AFC South: Alphonso Smith
Manning lines up in the shotgun, flanked by Dallas Clark on his left and Joseph Addai on his right. Pierre Garcon is lined up right, Austin Collie is in the slot left and Reggie Wayne is wide left.
The Broncos are in nickel, with Champ Bailey on Wayne, Andre Goodman on Garcon and Alphonso Smith on Collie.
What I saw unfold after the snap: Manning takes the shotgun snap, drops back two steps and bounces three times, with plenty of time to assess and release.
Lined up as left end, Elvis Dumervil hesitates and waits to see if he needs to cover anyone out of the backfield, drawing no real attention. Once right tackle Ryan Diem sees Dumervil is staying, he shifts inside to help Kyle DeVan and they cancel out right defensive tackle Vonnie Holliday.
D.J. Williams blitzes from right linebacker and is handled by center Jeff Saturday.
Lined up as left linebacker, Wesley Woodyard crosses the path Williams took and tries to get to Manning by squeezing between Saturday and left guard Ryan Lilja. Addai picks him up and Clark is nearby in case he’s needed, which he isn’t because the ball is out by the time Ayers recovers from Addai’s initial stop.
Right end Robert Ayers comes out of his stance, waits for Clark or Addai to emerge from the backfield. When neither comes he waits and then tries to chase the play. Left tackle Charlie Johnson realizes he doesn’t need to get Ayers, so he looks to help Lilja who’s already doing just fine against right defensive tackle Darrell Reid.
Collie is looking inside as the snaps comes, gestures inside with his shoulders and hands, then beats Smith off the line to the outside. As he gets downfield, he leans inside selling a curl and buying himself the space he wants before breaking off his route at about the 34 and turning back outside to face Manning’s pass while standing on the “3” of the “30” on the Lucas Oil Stadium turf. Smith slips off him and is face down as Collie cuts outside where Wayne is blocking Bailey. Safety Brian Dawkins arrives to make the tackle after a 23-yard gain.
Result: The Colts eat 7:19 on the drive, ending it with Clark’s third touchdown catch that puts them ahead 28-16 with only 2:25 remaining for Denver.
Ultimate outcome: Denver moves just eight yards in four plays, giving the ball back with 1:51 remaining in the game. Manning kneels three times to run out the clock and seal up the Colts’ 13th win.
NASHVILLE -- A while back, a reader asked about whether the high salaries attached to the earliest picks of the draft had altered the draft value charts around the league. Teams use such charts, which assign a point value to every pick, to weigh and balance trades. GMs and coaches like to talk about how theirs are different, but the general construct is similar.
I asked Titans GM Mike Reinfeldt this week if he's got a new chart and if he thought most teams had altered theirs.
"Some of the trade charts have changed addressing the trade value of those top picks and it has gone down," he said. "What those picks were, it's not that way anymore. I think it's there is a burden associated with having those top 10 picks.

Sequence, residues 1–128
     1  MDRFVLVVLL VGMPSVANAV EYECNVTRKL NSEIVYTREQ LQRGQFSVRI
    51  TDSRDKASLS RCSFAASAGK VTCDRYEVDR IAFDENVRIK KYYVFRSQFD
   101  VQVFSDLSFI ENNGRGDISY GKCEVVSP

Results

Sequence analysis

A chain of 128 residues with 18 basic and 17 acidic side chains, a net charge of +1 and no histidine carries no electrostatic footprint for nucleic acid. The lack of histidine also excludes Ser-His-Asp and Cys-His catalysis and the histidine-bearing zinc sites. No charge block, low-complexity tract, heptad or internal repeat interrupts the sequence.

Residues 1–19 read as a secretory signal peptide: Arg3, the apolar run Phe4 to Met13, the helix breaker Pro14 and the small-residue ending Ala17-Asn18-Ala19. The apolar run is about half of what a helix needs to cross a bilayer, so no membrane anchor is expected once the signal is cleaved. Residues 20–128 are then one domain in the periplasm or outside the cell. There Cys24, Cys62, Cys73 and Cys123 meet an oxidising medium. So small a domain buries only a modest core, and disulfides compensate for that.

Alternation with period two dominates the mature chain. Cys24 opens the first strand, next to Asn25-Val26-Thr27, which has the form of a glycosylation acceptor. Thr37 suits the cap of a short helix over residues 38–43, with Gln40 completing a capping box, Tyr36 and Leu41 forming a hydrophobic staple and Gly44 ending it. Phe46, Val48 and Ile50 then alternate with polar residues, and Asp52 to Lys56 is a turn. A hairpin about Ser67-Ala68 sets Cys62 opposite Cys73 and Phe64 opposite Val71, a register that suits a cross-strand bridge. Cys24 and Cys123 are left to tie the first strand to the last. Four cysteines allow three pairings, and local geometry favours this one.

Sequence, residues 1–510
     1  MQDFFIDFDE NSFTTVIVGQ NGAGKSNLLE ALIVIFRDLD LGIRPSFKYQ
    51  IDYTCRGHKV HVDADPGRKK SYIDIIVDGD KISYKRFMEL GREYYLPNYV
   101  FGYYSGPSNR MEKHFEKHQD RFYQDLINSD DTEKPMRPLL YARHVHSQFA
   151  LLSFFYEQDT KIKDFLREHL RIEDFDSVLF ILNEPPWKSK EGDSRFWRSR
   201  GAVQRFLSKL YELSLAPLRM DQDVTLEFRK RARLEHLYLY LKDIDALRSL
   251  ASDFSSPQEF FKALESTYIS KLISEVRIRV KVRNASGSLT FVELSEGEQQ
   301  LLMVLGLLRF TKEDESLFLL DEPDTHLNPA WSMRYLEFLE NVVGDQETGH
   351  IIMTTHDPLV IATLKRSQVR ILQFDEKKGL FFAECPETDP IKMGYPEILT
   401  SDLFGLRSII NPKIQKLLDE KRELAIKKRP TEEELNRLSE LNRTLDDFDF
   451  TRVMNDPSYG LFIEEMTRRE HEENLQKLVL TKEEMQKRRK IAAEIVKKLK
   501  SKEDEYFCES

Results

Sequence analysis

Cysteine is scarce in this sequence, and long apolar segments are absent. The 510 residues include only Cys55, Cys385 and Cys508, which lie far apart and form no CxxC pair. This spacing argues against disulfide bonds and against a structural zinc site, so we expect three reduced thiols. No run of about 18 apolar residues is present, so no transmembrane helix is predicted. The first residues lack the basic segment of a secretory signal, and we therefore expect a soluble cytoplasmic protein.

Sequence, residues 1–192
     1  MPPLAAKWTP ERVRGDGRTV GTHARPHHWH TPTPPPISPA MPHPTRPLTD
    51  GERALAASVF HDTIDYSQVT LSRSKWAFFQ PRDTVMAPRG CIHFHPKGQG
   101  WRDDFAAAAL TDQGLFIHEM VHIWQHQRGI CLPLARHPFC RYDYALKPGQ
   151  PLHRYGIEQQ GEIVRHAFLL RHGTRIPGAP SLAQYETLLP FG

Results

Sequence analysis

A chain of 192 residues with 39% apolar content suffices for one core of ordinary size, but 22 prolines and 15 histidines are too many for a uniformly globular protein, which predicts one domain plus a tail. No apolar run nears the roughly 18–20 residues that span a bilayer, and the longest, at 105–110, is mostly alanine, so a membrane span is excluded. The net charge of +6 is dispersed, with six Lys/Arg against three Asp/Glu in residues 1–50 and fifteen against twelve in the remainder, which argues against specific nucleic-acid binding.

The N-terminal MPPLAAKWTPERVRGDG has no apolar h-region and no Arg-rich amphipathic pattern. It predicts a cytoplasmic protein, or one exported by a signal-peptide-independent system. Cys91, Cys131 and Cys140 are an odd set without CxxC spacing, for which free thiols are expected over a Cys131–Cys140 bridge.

"...But you have two sets of charts -- depending on which way you're going, up or down, you pull out the appropriate one," he added as we laughed.
The early phone check-ins are usually 50-50 with teams talking about expecting to look to move up or back, Reinfeldt said. This time more people are talking about moving back.
Here are a few highlights from the Titans' pre-draft news conference Thursday:
- National supervisor of college scouting C.O. Brocato said USC linebacker Rey Maualuga can play inside or outside, and he thinks his college teammate Brian Cushing, an outside backer by trade, can play inside. He said he views the third USC linebacker, Clay Matthews, as strictly an outside guy.
- Brocato likes the crop of linebackers and tight ends but said running backs have fallen off.
- Scouting coordinator Blake Beddingfield said there "is a value on every player" and that the Titans hadn't taken anyone off the board. But he joined the laughter when asked if Florida receiver Percy Harvin was a seventh-rounder on the Titans' board.
- I believe the Titans will steer clear of Harvin because of the issues surrounding him. But director of college scouting for the Eastern region Mike Ackerley said Harvin is "the most explosive player in this draft by far," that he has no doubt Harvin can run routes and be a top receiver who can also work as a return man and that "he can play wherever he wants."
- Reinfeldt said a number of receivers have grades that would make them worthy of the 30th pick, and such grades mean those players should be able to be productive early.
- Weight gained by Hakeem Nicks after the combine was not a concern, Ackerley said. So much of a premium is put on 40 times at the combine, everyone drops weight for that, then gets bigger and stronger by the time pro days arrive.
- Malcolm Jenkins, Vontae Davis and Alphonso Smith have separated themselves into the first tier of corners, but there is not that much space between them and the next group, Ackerley said.
- Reinfeldt was coy when asked questions that were clearly aimed at getting him to show if the Titans have any real interest in trading for Anquan Boldin or Braylon Edwards. He said at some point the Titans would like to add a veteran receiver to the mix, which made it sound like it wasn't going to be a top name. He mentioned that after the draft some veterans would shake free. Asked if the team has to have another veteran wideout, he said: "It would be nice; I don't think it's a necessity."
- Brocato gave a rave review of Kansas State quarterback Josh Freeman. "He's got everything you want for a quarterback," he said.
Throw eight bloggers in a blender with the first-round draft order, hit stir, mix or puree and you get the NFL Blog Network's mock draft.
My comments seem to run the longest of anybody's and I don't want to repeat myself here.